ESA BIC Start-up Challenge
The ESA BIC Start-up Challenge of the INNOspace Masters is looking for the best new business ideas and – models. The technology transfer ideas from Earth into space and vice versa could include:
- Mobility applications/solutions
- Innovative optimisation solutions
- Increased efficiency and customer orientation solutions
- Components or subsystems
- Or any other ideas in the space sector
Start-ups are invited to submit their innovative products or services for the new space economy and obtain support from Germany’s ESA Business Incubation Centres in entering this future industry.
The ESA BIC Start-up Challenge is looking for start-ups to be supported in their successful entry into the space market at ESA BIC Darmstadt or ESA BIC Bavaria.
The incubation programme is designed to help you establish a new company and acquire customers with your new space product or service within two years.
- The winner will receive support in developing a viable business concept
- The winner will receive support in preparing an application for one of the two German ESA BIC facilities with the opportunity of EUR 50,000 in funding.
- The ESA BICs also offer access to a Europe-wide network of experts, which can assist the winner in both the technological and business-related aspects of the young company’s development.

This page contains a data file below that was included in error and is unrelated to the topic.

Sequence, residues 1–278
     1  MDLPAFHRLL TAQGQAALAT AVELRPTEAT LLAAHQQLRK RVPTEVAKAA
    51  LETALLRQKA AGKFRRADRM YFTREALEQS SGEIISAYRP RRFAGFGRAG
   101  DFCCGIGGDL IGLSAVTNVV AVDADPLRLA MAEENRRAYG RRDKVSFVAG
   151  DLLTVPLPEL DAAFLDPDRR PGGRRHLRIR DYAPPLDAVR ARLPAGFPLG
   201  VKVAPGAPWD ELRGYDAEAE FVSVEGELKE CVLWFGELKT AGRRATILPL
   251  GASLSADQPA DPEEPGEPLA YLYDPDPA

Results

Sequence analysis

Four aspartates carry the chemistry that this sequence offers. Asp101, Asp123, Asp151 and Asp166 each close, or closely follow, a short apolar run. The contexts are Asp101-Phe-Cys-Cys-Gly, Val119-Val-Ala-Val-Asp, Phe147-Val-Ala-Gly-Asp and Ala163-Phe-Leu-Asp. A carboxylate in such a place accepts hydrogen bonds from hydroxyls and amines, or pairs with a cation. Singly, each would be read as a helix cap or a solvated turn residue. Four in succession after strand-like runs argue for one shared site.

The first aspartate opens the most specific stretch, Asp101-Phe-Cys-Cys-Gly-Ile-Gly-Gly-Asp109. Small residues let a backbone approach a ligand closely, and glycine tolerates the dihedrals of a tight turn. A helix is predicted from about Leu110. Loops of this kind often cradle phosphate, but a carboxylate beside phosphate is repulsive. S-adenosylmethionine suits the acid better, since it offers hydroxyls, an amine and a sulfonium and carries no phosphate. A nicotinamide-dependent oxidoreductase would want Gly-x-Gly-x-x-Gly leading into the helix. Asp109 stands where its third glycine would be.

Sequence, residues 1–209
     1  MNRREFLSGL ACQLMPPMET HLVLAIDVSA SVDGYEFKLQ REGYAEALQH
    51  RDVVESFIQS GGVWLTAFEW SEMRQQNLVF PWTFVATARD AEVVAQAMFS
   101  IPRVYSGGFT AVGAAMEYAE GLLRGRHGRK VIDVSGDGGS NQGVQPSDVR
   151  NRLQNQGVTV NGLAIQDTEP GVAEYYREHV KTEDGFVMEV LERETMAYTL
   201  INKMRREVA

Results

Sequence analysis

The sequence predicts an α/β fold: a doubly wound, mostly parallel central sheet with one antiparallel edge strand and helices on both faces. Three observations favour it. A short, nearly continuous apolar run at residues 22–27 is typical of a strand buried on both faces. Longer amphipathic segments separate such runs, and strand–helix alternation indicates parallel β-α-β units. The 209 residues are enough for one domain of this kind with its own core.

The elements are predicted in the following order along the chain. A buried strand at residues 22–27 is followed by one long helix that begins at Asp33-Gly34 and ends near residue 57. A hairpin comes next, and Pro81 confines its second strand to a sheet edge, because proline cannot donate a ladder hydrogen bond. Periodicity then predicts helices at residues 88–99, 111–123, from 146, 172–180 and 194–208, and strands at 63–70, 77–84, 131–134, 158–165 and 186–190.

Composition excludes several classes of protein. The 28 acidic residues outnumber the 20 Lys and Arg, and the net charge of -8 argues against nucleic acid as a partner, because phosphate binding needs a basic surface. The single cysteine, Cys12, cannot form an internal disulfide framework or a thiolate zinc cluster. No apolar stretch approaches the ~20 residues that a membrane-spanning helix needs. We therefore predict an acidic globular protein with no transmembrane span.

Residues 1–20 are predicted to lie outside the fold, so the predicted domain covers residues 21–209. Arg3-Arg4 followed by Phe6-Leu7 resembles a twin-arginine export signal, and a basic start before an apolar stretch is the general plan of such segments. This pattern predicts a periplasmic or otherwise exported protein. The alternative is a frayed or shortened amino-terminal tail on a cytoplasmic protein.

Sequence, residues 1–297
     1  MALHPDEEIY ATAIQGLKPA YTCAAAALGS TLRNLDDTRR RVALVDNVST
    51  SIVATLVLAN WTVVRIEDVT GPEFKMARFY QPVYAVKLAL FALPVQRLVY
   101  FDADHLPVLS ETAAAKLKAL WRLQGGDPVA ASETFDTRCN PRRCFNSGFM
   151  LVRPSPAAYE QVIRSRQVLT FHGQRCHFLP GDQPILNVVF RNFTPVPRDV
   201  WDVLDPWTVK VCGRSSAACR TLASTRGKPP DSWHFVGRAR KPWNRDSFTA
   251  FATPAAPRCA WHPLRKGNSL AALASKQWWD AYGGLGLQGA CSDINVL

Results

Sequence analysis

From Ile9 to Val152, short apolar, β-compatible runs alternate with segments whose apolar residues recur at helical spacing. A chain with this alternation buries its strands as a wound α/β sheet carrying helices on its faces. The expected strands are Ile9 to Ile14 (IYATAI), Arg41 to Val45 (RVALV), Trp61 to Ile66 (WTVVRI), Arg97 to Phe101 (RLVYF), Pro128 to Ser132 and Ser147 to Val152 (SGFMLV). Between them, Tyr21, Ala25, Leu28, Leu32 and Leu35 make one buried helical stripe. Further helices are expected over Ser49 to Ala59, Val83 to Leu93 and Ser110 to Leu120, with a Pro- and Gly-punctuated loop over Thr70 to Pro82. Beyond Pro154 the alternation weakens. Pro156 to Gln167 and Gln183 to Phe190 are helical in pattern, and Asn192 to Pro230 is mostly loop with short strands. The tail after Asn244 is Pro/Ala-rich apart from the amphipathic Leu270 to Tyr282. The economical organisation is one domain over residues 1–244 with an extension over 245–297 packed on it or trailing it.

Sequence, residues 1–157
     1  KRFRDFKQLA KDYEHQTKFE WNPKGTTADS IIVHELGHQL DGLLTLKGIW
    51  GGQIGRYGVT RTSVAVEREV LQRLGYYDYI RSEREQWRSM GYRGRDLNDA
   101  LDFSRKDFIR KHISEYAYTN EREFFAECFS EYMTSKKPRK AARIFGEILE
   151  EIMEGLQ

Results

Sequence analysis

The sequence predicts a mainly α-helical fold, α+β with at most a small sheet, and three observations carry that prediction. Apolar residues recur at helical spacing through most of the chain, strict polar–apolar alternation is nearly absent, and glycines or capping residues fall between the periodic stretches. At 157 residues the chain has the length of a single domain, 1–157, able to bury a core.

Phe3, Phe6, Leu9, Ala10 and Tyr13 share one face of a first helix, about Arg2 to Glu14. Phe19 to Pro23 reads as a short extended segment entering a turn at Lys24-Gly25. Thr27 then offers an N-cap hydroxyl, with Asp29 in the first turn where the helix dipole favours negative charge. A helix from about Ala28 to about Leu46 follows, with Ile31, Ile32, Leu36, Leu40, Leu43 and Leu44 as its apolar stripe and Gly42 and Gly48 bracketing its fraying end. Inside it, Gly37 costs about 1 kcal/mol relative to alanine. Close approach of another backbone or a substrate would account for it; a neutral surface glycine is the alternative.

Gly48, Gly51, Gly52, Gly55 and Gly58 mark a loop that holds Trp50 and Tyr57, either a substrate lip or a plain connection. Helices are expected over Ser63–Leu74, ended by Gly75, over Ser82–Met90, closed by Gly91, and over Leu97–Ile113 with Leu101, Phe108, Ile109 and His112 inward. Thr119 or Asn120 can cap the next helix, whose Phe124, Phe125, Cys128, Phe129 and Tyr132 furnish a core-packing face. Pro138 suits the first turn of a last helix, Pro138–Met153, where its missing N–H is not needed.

- The winner will receive a EUR 5,000 cash prize by Telespazio VEGA Germany. In case the winner is a startup and depending on the thematic orientation, the cash prize can also be transferred into a development contract of the respective product or service of the same value.
The space sector creates innovations that see use in many branches of industry and the most commonplace areas of everyday life. The European Space Agency’s two business incubators in Germany – ESA BIC Darmstadt and ESA BIC Bavaria – have already supported the foundation of over 200 companies in their effort to promote the transfer of space technologies to myriad areas of commercial application. These include new materials, Earth observation, logistics, medical technology, mobility, navigation, and big data to name just a few.
Meanwhile, the space sector has also begun to profit from technical advancements achieved “on the ground” in a variety of industries, such as microelectronics, material science, and information technology. Space programmes are now also being initiated by innovative start-ups and other private industrial entities.